Concessions made by Microsoft in an attempt to get the UK’s competition authority to approve its buy of gaming company Activision largely addressed concerns which led to the deal being blocked in its original form, the regulator revealed.
In a statement The UK Competition and Markets Authority said although it still had some limited worries, the restructured deal – including an agreement to sell cloud gaming rights to Ubisoft – had substantially addressed problems raised originally.
The regulator added the move “opens the door to the deal being cleared,” with suggested remedies to its remaining issues put forward by Microsoft now the subject of a consultation.
Its outstanding stumbling block surrounds the sale of streaming rights to Ubisoft, with worries the deal could be “circumvented, terminated, or not enforced”, though Microsoft has offered a facility to ensure it was enforceable by the CMA.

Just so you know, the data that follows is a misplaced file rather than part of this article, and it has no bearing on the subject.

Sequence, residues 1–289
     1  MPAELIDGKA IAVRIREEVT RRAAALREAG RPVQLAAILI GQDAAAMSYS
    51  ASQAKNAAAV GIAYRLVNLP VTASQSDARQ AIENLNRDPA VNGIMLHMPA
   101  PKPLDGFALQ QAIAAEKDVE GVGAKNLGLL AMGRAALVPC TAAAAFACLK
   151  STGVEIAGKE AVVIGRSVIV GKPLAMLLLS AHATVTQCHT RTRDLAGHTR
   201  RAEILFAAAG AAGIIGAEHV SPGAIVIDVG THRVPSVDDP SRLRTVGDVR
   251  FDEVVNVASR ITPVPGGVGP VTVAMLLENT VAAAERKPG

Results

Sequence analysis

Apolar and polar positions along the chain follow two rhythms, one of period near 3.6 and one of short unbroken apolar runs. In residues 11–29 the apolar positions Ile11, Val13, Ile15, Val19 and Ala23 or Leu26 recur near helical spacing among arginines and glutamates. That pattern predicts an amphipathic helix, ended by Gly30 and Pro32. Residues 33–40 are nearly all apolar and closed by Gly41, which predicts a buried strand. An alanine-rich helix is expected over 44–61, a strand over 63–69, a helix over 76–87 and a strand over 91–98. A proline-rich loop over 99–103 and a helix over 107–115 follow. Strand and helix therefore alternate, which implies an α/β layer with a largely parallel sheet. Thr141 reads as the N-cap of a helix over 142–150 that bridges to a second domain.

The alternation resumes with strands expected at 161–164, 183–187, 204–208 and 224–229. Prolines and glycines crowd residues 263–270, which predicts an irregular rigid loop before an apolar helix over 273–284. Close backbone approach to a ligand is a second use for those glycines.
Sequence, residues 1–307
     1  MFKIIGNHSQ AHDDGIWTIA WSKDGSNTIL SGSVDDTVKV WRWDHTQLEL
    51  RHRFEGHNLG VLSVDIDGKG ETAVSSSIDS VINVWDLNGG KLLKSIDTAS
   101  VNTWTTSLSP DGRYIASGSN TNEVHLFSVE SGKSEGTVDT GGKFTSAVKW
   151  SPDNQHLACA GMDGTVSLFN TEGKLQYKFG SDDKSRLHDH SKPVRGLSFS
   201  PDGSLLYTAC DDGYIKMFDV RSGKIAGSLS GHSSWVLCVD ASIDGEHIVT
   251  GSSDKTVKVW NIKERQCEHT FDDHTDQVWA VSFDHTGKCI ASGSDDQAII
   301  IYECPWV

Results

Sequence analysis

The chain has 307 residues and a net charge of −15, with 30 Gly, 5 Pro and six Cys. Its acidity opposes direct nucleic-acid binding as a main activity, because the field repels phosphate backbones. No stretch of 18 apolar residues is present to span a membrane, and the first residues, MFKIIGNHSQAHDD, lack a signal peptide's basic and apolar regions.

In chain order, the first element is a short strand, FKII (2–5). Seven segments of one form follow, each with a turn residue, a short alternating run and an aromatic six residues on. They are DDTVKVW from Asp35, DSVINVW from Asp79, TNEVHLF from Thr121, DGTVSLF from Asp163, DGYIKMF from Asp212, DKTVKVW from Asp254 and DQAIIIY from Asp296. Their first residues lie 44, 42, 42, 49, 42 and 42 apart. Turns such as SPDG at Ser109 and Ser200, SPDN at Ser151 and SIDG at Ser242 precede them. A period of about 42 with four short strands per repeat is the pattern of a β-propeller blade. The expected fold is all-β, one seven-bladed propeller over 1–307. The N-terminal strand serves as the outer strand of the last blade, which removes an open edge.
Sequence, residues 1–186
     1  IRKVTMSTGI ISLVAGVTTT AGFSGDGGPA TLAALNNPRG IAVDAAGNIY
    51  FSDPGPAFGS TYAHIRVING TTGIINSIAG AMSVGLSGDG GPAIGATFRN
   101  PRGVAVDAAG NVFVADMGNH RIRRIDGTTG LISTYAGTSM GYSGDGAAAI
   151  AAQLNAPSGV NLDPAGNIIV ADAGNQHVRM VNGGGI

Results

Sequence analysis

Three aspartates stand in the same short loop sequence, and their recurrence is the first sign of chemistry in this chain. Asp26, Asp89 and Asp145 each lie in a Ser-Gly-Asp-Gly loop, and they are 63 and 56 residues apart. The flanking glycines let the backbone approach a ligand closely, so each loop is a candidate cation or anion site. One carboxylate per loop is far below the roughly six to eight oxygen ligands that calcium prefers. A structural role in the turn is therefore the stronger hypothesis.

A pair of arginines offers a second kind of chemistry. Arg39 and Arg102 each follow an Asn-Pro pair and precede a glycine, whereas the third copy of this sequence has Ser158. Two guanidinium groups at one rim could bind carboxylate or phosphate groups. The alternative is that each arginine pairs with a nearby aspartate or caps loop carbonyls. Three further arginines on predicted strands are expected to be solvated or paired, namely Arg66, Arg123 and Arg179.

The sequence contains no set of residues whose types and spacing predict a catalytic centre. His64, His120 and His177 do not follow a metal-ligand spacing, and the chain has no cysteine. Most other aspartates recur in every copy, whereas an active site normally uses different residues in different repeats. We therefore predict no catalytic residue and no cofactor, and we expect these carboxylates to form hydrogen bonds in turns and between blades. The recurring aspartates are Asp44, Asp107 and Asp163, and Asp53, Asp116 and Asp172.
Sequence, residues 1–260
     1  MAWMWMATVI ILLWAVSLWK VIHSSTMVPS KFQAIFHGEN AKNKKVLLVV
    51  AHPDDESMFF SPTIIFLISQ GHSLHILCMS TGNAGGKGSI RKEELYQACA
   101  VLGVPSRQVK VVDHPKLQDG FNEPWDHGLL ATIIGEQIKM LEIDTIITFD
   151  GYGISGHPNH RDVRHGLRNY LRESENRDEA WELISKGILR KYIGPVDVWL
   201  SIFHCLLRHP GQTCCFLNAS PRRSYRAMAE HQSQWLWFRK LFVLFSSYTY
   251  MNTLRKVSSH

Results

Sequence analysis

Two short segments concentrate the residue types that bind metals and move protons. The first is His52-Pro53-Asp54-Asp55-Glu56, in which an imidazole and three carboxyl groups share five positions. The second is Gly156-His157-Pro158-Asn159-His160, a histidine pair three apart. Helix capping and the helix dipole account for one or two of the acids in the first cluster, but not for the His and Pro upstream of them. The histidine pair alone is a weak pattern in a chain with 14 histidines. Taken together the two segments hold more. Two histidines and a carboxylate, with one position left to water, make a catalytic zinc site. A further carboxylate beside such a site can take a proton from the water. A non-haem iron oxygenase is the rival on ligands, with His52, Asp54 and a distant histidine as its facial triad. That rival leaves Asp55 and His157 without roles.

The CMA has “provisionally concluded” this addresses the issue.
Its update could be the beginning of the end of a lengthy battle between the two in relation to the deal, which was cleared by the European Commission in May after the tech giant agreed concessions to that authority.
After the CMA blocked the big money acquisition the first time around, Microsoft submitted a revised deal including the sale of cloud gaming rights to Ubisoft in August prompting a fresh review from the CMA.
In a social media post following the CMA’s announcement, Microsoft vice chair and president Brad Smith said: “We are encouraged by this positive development in the CMA’s review process. We presented solutions that we believe fully address the CMA’s remaining concerns related to cloud game streaming, and we will continue to work toward earning approval.”